Brand VS Branding: What's the difference?
Before we begin there is one thing we must make clear, neither your brand nor your branding can be simply defined by your logo.
There is often no real distinction between brand and branding, a common yet sizeable mistake that could cost a business its potential success. The situation is often further clouded by the lack of understanding of many marketing agencies. There is tendency to jump straight into the branding stage before a clear brand has been established, simply because a logo is what the client has asked for.
It’s crucial that business owners and marketers understand that you simply cannot start branding a business without having a clear, well-understood brand already in place.
“Every great design begins with an even better story.” – Lorinda Mamo
If you are not able to clearly define your brand it will be very difficult for a designer to create branding that echoes your brand effectively.
Businesses are not always able to explain their brand in a simple way that their team, their customers and the creative agency they might be working with can understand.
This is where problems start to occur as the story, and therefore its effectiveness, becomes diluted through a lack of understanding of where the business has come from and what it stands for.
To define your brand there are a number of things you need to think about. And, it’s important to go through this thinking process before you start work on your branding.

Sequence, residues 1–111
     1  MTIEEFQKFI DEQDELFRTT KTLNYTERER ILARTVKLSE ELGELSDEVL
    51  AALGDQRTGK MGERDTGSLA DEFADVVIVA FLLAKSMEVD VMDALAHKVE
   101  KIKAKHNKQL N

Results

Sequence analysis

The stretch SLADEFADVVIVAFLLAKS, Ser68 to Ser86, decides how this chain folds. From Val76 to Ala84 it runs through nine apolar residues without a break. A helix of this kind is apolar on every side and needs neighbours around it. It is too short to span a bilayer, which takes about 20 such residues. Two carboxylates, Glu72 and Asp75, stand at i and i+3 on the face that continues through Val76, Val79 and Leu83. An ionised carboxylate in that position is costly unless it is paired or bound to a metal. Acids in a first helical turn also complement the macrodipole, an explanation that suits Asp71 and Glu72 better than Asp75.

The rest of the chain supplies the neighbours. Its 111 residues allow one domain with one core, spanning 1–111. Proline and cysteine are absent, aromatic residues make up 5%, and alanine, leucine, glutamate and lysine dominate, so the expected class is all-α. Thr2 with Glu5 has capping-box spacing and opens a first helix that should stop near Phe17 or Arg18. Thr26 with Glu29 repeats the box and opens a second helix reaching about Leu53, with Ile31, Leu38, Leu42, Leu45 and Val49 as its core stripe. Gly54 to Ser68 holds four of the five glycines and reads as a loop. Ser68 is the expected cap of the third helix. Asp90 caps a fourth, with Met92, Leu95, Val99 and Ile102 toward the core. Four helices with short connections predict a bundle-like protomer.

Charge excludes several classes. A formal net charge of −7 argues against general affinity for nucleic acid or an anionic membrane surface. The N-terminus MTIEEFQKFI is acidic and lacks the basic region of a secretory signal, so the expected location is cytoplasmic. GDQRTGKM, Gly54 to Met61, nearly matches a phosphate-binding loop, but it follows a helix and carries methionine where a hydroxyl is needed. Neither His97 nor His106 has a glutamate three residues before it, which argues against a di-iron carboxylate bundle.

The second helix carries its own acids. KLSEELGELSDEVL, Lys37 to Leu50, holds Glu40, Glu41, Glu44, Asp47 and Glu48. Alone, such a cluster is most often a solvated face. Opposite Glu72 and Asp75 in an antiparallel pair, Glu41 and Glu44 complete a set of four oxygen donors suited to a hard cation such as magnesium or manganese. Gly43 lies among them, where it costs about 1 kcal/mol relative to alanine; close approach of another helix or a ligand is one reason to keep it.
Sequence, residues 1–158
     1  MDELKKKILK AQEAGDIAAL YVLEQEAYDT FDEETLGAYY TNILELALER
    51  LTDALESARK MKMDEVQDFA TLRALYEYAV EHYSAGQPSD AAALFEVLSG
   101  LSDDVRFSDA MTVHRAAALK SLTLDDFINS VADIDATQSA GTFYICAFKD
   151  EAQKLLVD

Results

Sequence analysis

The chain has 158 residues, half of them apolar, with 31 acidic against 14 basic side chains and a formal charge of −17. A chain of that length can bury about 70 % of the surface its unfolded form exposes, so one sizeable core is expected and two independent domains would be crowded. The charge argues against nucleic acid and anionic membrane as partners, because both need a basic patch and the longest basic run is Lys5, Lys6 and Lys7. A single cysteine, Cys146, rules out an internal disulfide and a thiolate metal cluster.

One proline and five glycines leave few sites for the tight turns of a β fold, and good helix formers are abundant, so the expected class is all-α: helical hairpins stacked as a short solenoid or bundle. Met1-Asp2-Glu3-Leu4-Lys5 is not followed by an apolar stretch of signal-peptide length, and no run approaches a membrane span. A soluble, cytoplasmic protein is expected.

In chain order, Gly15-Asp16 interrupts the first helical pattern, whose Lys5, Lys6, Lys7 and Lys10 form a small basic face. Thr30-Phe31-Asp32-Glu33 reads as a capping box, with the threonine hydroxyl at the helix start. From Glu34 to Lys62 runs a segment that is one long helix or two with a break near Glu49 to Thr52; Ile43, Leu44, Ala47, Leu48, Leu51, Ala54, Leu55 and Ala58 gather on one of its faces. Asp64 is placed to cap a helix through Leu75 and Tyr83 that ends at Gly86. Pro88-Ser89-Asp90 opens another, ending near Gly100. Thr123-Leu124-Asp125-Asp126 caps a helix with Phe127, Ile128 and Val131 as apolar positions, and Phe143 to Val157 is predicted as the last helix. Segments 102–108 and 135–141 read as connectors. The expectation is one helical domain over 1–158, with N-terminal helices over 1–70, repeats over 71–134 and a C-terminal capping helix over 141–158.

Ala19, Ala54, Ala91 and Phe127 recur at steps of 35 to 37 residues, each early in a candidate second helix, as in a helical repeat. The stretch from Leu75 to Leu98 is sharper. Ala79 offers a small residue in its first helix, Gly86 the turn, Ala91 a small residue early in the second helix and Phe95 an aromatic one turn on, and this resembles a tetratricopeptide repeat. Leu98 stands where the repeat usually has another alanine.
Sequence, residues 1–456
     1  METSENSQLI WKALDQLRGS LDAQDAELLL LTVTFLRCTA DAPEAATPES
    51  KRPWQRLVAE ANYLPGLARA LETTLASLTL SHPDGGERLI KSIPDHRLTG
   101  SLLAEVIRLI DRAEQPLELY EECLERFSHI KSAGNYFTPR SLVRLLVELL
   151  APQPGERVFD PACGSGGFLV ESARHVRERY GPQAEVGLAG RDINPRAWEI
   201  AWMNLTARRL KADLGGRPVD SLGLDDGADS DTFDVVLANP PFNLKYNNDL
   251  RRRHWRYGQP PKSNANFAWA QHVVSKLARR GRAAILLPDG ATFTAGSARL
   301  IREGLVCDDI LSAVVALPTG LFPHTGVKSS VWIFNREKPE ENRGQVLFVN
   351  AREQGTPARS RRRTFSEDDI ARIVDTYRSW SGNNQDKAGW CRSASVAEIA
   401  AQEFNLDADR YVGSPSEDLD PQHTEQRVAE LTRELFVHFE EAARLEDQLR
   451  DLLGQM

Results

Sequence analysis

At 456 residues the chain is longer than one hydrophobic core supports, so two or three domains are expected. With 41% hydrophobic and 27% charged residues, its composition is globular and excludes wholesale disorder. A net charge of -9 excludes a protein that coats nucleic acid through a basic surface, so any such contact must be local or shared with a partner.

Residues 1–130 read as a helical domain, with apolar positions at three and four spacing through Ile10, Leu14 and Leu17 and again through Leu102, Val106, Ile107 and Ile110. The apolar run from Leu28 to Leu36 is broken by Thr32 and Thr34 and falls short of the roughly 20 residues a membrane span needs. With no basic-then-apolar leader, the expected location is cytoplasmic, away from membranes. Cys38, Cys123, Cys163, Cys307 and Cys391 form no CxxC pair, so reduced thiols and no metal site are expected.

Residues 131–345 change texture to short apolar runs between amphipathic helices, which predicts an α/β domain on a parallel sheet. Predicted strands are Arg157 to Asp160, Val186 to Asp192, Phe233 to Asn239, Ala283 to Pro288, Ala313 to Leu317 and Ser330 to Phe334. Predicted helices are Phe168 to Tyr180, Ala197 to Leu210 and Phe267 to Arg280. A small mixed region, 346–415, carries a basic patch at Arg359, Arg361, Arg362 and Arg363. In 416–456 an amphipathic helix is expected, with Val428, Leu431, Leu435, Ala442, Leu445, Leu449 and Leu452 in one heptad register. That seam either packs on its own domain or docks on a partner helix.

What is brand?
Simply put, your brand is the instant reaction someone has when your business is mentioned.
In more detail…
Your brand often stems from the reason you went into business in the first place.
The change you wanted to make, the purpose of your product/service and why you felt the desire to create it all play a strong part in defining who you are as a company.
Stories are powerful. And, every strong, recognisable brand has a story behind it.
Ralph Lauren’s son David explains why he’s proud to wear Ralph Lauren clothing:
Your brand is the vision of your business. It’s the promise you keep as an organisation and the core idea behind everything you do. It’s what you want to achieve as a business, which again comes back to the ‘why’.
A great example is Patagonia’s mission statement:
‘Build the best product, cause no unnecessary harm, use business to inspire and implement solutions to the environmental crisis.’
Your vision is not your sales objectives, your growth forecasts or your profit targets. Your vision runs deeper than the figures, it’s the reason that you as a business owner would do what you do even if it made you no money at all.
Your brand is how you are going to achieve your vision.
Each action you take will play a part in defining your business brand. For example, if you’re Patagonia you’re not going to protect the planet if you hire those who don’t care about it.
You therefore need to think about your hiring process and how you will go about finding people that align with your vision and purpose.
Simon Sinek’s TED Talk on how great leaders inspire action is definitely worth a listen if you’re ready to start building your brand:
Simon also talks about what he calls ‘The Golden Circle’, a theory that represents how businesses should think about their brand if they want it to be a success.
Action is the ‘how’.
Finally, and perhaps most importantly, your brand is what others say about your business when you’re not around and the emotions they feel when they do so.
“At the end of the day people won’t remember what you said or did, they will remember how you made them feel.” – Maya Angelou
Again, take Patagonia as an example. Their brand is most simply defined by three words: quality, people, ethics. The exact qualities we associate with the brand as a consumer.
It’s no good saying that you look after your people if there are reviews on the internet saying that you don’t. You will be branded as a bad employer by customers and potential employees and that can be hard to undo.
What is branding?